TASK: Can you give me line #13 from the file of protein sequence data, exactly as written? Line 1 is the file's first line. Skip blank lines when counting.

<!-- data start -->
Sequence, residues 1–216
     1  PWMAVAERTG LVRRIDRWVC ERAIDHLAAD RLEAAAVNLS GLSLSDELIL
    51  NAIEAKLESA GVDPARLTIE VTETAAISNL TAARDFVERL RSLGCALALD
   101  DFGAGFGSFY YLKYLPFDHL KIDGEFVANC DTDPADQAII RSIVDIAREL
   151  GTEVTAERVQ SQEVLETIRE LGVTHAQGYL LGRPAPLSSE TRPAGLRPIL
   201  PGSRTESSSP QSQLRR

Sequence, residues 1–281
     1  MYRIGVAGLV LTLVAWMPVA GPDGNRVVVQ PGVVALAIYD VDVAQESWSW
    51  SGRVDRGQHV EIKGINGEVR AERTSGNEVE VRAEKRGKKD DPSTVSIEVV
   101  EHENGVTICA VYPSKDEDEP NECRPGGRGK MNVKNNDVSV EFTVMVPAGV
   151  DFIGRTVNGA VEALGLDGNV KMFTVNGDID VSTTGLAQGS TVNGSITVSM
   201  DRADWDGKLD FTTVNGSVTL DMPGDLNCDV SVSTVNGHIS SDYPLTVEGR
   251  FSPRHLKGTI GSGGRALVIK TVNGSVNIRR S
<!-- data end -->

   251  FSPRHLKGTI GSGGRALVIK TVNGSVNIRR S